Exciting news astronomy fans, as work on a huge new telescope has now begun, with completion targeted for around 2024.
The $1 billion Giant Magellan Telescope (GMT) is being built in Chile high in the Atacama Desert in a region called the Las Campanas Observatory, a popular location for telescopes where the thin skies afford wonderful views of the cosmos. It’ll be situated at an altitude of about 2,500 meters (8,200 feet).
The huge telescope, led by the US but also involving Australia, Brazil, South Korea, and Chile, will span 25 meters (82 feet) in diameter, with seven separate mirrors comprising its primary mirror. Each is 8.4 meters (27.6 feet) across, they are the largest single astronomical mirrors that have ever been built. Together, they’ll have views about 10 times greater than Hubble.
Now, on August 14, a hydraulic drill began drilling into the solid rock terrain of the site to mark the boundaries of the telescope. More than 4,000 cubic meters (140,000 cubic feet) of rock will be removed to build its foundations.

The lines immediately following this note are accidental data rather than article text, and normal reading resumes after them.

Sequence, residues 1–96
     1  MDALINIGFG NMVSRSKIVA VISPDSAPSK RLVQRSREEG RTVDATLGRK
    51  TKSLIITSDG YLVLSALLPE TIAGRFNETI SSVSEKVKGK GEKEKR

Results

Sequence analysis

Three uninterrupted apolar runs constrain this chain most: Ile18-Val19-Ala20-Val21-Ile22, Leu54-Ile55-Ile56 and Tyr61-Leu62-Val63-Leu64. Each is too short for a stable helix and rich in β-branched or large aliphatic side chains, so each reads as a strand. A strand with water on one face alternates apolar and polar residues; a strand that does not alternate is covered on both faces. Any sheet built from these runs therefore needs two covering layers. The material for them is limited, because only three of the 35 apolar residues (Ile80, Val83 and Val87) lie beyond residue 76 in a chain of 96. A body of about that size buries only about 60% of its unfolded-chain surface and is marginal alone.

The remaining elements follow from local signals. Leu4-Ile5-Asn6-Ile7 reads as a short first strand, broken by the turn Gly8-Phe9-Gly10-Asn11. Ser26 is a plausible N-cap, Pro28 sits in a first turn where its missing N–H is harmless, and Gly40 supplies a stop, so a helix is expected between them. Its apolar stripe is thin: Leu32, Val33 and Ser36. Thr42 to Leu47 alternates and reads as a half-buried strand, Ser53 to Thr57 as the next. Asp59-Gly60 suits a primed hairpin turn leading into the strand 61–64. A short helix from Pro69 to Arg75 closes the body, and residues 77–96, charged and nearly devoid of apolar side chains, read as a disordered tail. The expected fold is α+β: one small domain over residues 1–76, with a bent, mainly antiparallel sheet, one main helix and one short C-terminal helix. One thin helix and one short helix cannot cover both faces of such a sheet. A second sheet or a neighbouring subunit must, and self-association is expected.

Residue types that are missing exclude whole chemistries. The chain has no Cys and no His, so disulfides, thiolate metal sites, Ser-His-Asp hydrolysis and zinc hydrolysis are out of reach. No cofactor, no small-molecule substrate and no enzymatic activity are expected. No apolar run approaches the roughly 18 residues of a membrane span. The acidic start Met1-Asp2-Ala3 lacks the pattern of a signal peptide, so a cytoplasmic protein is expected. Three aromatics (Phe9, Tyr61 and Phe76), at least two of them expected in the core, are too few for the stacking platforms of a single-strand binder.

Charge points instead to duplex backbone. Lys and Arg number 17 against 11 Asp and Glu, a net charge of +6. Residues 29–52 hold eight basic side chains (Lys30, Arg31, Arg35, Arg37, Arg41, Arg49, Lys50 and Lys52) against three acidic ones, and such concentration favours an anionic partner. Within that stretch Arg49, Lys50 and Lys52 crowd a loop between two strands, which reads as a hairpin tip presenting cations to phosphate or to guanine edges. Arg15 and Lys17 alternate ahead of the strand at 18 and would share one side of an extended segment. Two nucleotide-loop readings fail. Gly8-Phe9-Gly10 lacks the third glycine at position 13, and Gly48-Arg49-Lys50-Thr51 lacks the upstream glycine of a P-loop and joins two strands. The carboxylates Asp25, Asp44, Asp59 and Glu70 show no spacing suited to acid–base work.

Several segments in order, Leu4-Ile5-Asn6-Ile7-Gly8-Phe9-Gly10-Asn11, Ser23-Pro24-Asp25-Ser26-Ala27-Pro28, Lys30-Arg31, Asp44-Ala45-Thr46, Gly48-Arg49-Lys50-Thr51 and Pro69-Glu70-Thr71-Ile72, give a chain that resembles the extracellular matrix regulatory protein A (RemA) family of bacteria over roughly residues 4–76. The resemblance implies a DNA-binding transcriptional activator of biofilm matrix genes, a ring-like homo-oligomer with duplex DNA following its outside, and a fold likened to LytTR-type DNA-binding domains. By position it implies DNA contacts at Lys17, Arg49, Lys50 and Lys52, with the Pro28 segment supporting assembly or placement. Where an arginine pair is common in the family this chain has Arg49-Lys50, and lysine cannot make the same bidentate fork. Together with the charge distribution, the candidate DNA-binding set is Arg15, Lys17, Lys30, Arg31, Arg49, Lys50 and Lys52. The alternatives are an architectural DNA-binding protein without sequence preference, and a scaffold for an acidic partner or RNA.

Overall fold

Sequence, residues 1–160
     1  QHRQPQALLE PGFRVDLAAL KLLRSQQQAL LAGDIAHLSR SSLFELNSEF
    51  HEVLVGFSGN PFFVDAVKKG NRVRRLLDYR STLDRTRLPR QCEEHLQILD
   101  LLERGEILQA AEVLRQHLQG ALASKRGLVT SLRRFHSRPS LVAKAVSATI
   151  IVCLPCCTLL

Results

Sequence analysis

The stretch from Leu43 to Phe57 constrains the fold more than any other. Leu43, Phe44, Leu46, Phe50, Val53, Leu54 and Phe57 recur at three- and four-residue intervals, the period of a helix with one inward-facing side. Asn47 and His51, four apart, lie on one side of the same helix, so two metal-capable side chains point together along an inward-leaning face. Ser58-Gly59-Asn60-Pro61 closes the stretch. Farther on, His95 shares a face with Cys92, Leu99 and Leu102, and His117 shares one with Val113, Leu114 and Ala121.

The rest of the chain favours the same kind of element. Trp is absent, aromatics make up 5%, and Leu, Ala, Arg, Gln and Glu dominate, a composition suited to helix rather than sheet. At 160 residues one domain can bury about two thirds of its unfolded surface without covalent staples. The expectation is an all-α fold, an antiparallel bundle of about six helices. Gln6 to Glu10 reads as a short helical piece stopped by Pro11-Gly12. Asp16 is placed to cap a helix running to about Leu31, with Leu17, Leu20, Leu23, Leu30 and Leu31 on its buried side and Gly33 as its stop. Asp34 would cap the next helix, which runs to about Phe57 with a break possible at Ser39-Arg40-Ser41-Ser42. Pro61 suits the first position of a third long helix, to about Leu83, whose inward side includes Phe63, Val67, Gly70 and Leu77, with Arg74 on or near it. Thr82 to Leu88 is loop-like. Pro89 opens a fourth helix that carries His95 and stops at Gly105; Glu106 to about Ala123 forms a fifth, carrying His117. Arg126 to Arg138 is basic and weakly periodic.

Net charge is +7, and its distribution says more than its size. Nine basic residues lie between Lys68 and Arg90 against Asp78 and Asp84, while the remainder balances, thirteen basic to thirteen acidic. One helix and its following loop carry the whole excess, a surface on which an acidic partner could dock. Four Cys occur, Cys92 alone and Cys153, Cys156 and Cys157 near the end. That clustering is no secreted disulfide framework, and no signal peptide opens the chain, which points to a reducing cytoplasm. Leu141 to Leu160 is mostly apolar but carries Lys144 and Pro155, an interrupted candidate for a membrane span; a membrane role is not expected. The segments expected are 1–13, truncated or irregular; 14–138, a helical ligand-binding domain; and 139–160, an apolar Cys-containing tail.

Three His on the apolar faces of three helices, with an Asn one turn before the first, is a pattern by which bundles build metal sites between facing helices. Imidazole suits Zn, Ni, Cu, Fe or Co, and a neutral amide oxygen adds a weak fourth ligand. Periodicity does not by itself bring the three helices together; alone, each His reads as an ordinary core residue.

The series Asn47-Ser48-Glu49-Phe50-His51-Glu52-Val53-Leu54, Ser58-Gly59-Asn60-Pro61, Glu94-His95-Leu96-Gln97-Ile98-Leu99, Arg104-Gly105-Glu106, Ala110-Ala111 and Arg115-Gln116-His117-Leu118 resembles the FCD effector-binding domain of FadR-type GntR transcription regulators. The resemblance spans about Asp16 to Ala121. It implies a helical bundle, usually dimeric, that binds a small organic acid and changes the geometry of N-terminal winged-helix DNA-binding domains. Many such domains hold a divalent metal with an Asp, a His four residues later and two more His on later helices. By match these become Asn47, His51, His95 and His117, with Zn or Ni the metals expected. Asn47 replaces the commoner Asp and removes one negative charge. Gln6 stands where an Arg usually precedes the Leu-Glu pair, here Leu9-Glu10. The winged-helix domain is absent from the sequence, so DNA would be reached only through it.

“[W]ith the beginning of the construction of the permanent buildings on the site, the GMT shows tangible signs of progress towards its completion,” project manager Dr James Fanson said in a, uh, rather understated statement.
Atop the foundations will be a giant rotating observatory that reaches about 65 meters (215 feet) high and 56 meters (185 feet) wide. The entire thing will be able to move to point the mirrors at different regions of the sky. The mirrors themselves are already being built.
“The Giant Magellan Telescope will be one member of the next class of giant ground-based telescopes that promises to revolutionize our view and understanding of the universe,” the team writes on their website.
“This unprecedented light gathering ability and resolution will help with many other fascinating questions in 21st century astronomy.”
These questions include whether we’re alone in the universe, with the GMT having the capability to image other planets beyond our Solar System in more detail than ever before. It will also hope to peer at some of the universe’s first galaxies, and tell us more about ever-elusive dark matter.
And to make this possible the GMT will also make use of adaptive optics, something we’ve discussed before. By constantly adjusting its secondary mirrors (above the main mirror), it will be able to account for the distortion in light caused by the atmosphere at different altitudes.
It is set to be a rather incredible telescope upon its completion. Now we’ve just got a short six years to wait.